*

I saw Jose Fernandez pitch just once – one year and one week ago in DC – and it was by total luck. Early in the season, I had the chance for free tickets to a regular season Nationals game during the 2015 season. I chose a late season game, September 18, against the Marlins. I was hoping to see Giancarlo Stanton hit a monster homerun, but in June he broke his hand and was still on the disabled list when my game came around.

Instead, I was able to witness something much better – Jose Fernandez (back from TJS sooner than expected) vs. Max Scherzer (my favorite Nationals player) – and I wasn’t disappointed. Both pitchers had solid games, although both were no decision starts.

Fernandez was very good – until he wasn’t. He allowed one homerun and only two earned runs (same as Scherzer) over 5.2 innings, although he threw 95 pitches to do so. At the end of his outing, he looked fatigued – but still impressed me for someone making just his ninth start after recovering from TJS.

*

Jose Fernandez was easily one of the best pitchers in Major League Baseball – and he had only three years of service time since his debut April 7, 2013. He will be remembered as much for his performance on field as well as his character.

We know his story of coming to the United States and becoming a professional baseball player. We’ve seen the devotion he has to his mom, and to his abuela. Recently we learned he was about to become a father.

Every baseball player loves the game, but few (if any) have ever expressed it the way Jose Fernandez did. So often we forget that baseball is a game and meant to be enjoyed, but Fernandez’s smile was a beautiful reminder that baseball is meant to be fun.

There are multiple stories of Fernandez connecting with teammates, opposing players, and the community. He formed bonds with children and with charitable organizations.

This is the kind of player you want representing baseball – or any sport.

Imagine if he had the chance to play a full career and we had twenty years of Jose Fernandez…

*

 Appreciate every moment life gives you. Love someone or something as much as Jose Fernandez loved life and baseball.

And remember every baseball game you go to. You never know what history – and greatness – you might witness.

 https://pbs.twimg.com/media/CtNEMiHXYAAPInP.jpg

 

Those Clever Indians!

Here’s a change in blog posts – I’m going to tell you a story, rather than give my opinion.

For anyone who doesn’t know, I grew up an Indians fan outside of Cleveland. I still consider myself an Indians fan, although not always a very good one…

My favorite team, of course, are the New York Yankees. One of my favorite Yankees of all time, possibly one of my favorite baseball players of all time, is Andrew Miller. When he was traded to Cleveland, I was devastated. Of all the teams in the league, it had to be my hometown team! But at the same time, I trusted the Indians and their fans to welcome him and appreciate him as much as I did while he was in New York. So far, they’ve done exactly that, and it makes my heart happy…even if I miss him terribly.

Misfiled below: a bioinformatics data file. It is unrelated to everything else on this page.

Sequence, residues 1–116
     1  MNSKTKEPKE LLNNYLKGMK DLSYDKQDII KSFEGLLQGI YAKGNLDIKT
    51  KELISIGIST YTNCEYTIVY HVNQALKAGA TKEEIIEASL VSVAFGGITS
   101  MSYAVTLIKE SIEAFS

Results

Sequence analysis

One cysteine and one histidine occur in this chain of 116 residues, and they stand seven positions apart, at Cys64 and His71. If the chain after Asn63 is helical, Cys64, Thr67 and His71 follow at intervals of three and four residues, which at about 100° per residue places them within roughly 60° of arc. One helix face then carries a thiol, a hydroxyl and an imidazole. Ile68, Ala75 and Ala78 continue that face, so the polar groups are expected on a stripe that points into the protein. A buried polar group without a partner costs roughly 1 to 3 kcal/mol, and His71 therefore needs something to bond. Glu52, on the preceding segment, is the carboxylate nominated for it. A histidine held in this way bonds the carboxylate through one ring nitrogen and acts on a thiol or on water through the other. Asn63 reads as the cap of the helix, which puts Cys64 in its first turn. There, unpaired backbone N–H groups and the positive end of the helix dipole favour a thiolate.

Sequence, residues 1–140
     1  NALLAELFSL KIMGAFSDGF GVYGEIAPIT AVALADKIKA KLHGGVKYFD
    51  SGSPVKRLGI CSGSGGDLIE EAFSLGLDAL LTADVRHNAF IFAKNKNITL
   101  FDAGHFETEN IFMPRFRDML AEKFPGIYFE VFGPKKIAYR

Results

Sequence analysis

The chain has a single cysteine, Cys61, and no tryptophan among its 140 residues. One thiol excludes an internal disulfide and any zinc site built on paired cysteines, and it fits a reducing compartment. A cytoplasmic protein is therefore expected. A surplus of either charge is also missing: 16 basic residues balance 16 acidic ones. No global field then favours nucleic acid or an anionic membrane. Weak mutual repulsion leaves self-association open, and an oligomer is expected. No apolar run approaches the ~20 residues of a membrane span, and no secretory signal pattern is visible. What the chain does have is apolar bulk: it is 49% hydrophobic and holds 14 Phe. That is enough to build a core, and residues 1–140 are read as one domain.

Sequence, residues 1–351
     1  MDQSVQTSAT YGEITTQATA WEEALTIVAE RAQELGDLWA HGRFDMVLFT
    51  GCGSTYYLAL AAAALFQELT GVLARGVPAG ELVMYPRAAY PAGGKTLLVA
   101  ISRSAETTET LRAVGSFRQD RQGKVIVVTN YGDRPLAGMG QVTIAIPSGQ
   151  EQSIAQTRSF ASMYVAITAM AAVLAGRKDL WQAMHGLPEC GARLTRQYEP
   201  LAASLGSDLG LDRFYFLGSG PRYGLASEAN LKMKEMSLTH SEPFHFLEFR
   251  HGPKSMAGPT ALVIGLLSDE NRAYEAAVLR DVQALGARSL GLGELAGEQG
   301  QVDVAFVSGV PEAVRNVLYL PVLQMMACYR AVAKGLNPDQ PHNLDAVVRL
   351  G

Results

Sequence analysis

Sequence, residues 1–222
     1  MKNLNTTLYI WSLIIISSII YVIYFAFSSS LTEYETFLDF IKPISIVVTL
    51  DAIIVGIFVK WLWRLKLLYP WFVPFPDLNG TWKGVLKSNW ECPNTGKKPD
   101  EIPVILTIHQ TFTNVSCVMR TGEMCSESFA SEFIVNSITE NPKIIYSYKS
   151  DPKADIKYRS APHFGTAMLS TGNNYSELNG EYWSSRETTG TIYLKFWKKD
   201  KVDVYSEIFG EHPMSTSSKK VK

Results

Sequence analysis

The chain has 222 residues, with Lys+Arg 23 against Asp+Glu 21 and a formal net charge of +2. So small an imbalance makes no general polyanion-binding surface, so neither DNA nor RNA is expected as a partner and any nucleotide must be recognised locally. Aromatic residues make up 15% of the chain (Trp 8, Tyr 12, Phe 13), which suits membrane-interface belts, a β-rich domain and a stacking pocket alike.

Now I live in Maryland – approximately halfway between the Baltimore Orioles and Washington Nationals. Several of my friends work in DC, where it’s not uncommon for people to be very secretive about their jobs for various reasons. When you’re so close to the federal government, you learn not to ask too many questions because sometimes your friends simply can’t tell you any more about what their job involves.

One of my secretive job friends recently met some of the Indians front office staff while the team was in town to play the Nationals. My friend confirmed they were who they claimed to be, and then started to talk baseball with them…

Friend started with mentioning the Indians impressive season and the addition of Andrew Miller to the roster. The Indians people were clearly excited to talk about their newest acquisition. Friend got very bold then, and mentioned how I – a Yankee fan originally from Cleveland – was really sad to see Miller go, because he was my favorite.

The Indians front office guy grinned and said “Tell her ‘Go Tribe’ and ‘Welcome home!’”

 

You can’t make this stuff up!

 

Final note my heart still belongs to the Yankees, even if this year has been especially tough for me seeing my favorites leave. I have, however, committed to buying an Andrew Miller 24 Indians shirsey to support the hometown team.

I have a shirt for several MLB teams, but nothing for the Indians – it’s only fair!

 

Infield Dilemma

The Yankees need to chose a backup infielder who can play third base. That’s a very reasonable request, because even if Chase Headley somehow could return to his 2012 Gold Glove self, he will need an occasional day off. He, along with the rest of us, isn’t getting any younger.

At first, the backup at third was going to be Starlin Castro, but the Yankees decided it was best to keep him at second base, since even that’s a fairly new position for him (a decision I have to agree with). That left three players – Pete Kozma, Ronald Torreyes, and Rob Refsnyder as possible choices.